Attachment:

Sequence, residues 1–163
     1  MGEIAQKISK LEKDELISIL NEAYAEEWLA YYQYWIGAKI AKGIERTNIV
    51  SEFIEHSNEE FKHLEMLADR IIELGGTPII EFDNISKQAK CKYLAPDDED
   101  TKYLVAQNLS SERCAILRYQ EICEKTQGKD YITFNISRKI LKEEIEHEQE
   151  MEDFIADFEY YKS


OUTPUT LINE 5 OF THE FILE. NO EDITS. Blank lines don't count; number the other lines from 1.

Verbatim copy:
   151  MEDFIADFEY YKS